Top positive review
9 people found this helpful
Fabulous blending of music, film and subject
on February 26, 2005
First, let me explain that I absolutely love the film Kundun.
I beleive it is a true work of art/ labor of love that didn't receive the recognition it so much deserves.
Let me skip to the big point-- the last 10 minutes of this film is a near perfect blend of music that is spot- on for the subject matter, which is enlightenment.
My guess is that a *very conscious* person had a lot to do with the creation, blending & timing of the music, script and film, especially for the last ten minutes-- OR that it was a total coincidence that it came out to be so near perfect. (either is very much in keeping with the movie's theme, which is NOT the Dalai Lama at all, but enlightenment)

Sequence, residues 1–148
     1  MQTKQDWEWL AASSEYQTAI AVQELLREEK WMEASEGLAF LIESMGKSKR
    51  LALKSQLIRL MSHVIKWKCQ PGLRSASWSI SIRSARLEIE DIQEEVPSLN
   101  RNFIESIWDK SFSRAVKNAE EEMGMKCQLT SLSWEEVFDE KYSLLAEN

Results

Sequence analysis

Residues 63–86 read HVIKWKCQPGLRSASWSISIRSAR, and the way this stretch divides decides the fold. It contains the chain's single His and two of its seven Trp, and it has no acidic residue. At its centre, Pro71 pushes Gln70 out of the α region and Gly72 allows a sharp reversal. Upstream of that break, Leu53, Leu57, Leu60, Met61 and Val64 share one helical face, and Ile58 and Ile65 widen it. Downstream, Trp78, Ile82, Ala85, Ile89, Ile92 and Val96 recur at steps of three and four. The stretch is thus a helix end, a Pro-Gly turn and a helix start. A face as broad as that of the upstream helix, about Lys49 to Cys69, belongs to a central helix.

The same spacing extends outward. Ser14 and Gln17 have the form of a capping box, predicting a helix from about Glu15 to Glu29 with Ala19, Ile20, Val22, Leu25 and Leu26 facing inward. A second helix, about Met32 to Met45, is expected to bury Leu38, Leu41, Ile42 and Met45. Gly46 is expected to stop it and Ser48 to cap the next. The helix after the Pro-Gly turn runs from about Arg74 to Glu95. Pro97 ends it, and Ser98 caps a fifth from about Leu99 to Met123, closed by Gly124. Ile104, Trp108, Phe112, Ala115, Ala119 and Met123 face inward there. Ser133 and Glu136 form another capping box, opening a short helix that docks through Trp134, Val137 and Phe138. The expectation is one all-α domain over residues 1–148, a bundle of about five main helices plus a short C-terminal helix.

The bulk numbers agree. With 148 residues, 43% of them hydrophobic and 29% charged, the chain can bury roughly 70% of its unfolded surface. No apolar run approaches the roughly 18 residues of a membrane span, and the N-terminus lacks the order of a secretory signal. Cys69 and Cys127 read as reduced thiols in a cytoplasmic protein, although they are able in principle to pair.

Not for everyone, and I'm afraid I may have built it up in your mind too highly, so that you'll feel let down by the actual expereince of the music itself, I can say that *everytime* I listen to the last ten minutes especially (titled Escape to India), I cry for joy at *experiencing* a few minutes of the most sublime enlightenment, tears, sorrow & simple joy and wonder at being alive in this dance of life myself.
Thank you, Phillip Glass, Martin Scorcese and all those involved in this brilliant study of how a culture's focus on a single individual being assumed to be enlightened-- and his training to actually act the part, resulted in a person of great compassion, richness and insight.
In other words, their culture made him enlightened by treating him as enlightened.
What if we were all assumed to be enlightened and treated as such-- what difference would that make to you, at this very moment, dear reader, as you absorb these words? If that sentence has any impact on you at all, then you'll likely be *deeply moved* by both the movie and soundtrack.